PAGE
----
Common Types of Bankruptcy
There are two main types of bankruptcy that most people qualify for: Chapter 7 and Chapter 13.
Chapter 7 Bankruptcy
Chapter 7 is a “liquidation” bankruptcy. This type of bankruptcy generally involves a person getting a discharge on most/all of their debts and beginning a clean slate with no debt other than mortgage obligations and car payments (should the client choose to keep those obligations). Many clients are concerned about losing homes, vehicles and other assets if they file under Chapter 7. Due to exemptions permitted by the Florida and federal laws, in most circumstances, the client can keep many of these items after filing. Sometimes in a Chapter 7 bankruptcy, a client may not have enough available exemptions to protect all assets without turning the asset over to the trustee or “buying back” the equity in the property. When you meet with a bankruptcy attorney, he or she will go over all of your assets in detail to determine if this circumstance applies.
The Chapter 7 Means Test
A Chapter 7 bankruptcy requires a qualifying process based on the bankruptcy Means Test. This test is based first on yearly gross household income. The amount is set by IRS and state guidelines and is based on household size. If a client does not qualify on the first leg of this test, additional information is provided which includes taxes, mortgage payments, car payments, insurance and other qualifying monthly expenses to see if the person then falls below the means test requirement to still be eligible for a Chapter 7 bankruptcy. If a person is not eligible for a Chapter 7 bankruptcy, a Chapter 13 bankruptcy is still a viable option.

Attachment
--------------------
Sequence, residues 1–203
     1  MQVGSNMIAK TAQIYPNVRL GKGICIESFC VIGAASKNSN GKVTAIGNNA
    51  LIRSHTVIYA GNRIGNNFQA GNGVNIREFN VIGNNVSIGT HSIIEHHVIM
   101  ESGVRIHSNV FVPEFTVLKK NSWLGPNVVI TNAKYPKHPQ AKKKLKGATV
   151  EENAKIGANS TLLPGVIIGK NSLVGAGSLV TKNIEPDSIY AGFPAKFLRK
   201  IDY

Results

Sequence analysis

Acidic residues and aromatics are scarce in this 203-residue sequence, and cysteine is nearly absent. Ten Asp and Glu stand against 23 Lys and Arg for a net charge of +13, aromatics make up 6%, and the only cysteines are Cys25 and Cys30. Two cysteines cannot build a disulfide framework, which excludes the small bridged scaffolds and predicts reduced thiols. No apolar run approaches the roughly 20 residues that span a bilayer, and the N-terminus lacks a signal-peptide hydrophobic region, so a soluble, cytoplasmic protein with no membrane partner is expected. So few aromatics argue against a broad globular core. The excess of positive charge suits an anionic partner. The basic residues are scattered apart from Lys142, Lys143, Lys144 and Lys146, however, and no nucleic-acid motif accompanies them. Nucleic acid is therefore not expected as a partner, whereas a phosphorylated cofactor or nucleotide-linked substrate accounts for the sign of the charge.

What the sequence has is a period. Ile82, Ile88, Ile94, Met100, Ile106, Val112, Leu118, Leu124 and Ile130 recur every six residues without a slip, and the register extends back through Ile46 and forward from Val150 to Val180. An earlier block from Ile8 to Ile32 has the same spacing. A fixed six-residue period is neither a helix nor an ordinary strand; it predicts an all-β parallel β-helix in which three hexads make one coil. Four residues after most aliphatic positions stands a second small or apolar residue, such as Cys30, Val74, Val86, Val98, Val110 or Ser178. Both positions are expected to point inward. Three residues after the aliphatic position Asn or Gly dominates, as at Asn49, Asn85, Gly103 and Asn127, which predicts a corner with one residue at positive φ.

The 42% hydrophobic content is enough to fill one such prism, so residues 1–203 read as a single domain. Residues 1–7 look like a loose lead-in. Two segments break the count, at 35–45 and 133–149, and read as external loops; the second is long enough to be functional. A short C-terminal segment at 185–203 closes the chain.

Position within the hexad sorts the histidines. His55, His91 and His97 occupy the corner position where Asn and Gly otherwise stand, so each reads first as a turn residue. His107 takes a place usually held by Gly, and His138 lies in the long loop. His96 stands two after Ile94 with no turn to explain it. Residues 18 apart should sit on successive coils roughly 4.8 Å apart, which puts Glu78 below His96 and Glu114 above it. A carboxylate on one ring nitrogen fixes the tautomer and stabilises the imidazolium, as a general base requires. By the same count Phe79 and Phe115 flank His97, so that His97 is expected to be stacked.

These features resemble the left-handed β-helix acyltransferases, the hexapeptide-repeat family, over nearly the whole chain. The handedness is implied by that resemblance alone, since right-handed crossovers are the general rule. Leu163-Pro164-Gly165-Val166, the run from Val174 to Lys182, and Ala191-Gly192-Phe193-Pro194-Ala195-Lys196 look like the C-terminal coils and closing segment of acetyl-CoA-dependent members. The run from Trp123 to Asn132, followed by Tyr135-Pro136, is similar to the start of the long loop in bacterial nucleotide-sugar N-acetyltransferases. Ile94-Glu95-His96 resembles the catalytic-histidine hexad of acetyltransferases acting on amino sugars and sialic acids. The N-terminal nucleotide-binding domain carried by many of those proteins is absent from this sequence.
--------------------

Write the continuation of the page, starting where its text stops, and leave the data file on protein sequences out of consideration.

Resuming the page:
Chapter 13 Bankruptcy
Chapter 13 is a “reorganization” bankruptcy. This bankruptcy is a good option for a client who does not qualify for a Chapter 7, has mortgage arrearages that need to be paid back, or tax debt that needs to be paid back and does not qualify for discharge through a Chapter 7. This bankruptcy option involves creating a plan for a monthly repayment by the Debtor to the trustee. The bankruptcy attorney will prepare a Chapter 13 plan with a proposed monthly payment prior to filing the bankruptcy petition.
Pursuant to federal bankruptcy law (11 USC §523), some debts may not be dischargeable and, therefore, a Chapter 13 bankruptcy may be more appropriate. Some circumstances where debts may not be dischargeable include:
- Some tax debt obligations and fines
- Some fraudulent conduct by the Debtor(s)
- Debts that were not listed in the bankruptcy petition
- Alimony, child support and/or other certain debts arising from a divorce proceeding or legal separation
- Debts that are a result of willful and malicious injury by the Debtor to another person
- Some student loan and tuition debts
- Condominium or cooperative owner’s association fees post-bankruptcy
- Debts that are a result of death or personal injury to another by the Debtor while the Debtor was intoxicated
Even if any of these provisions apply to you, it is still a good idea to speak to an attorney about whether bankruptcy may be a feasible option for you.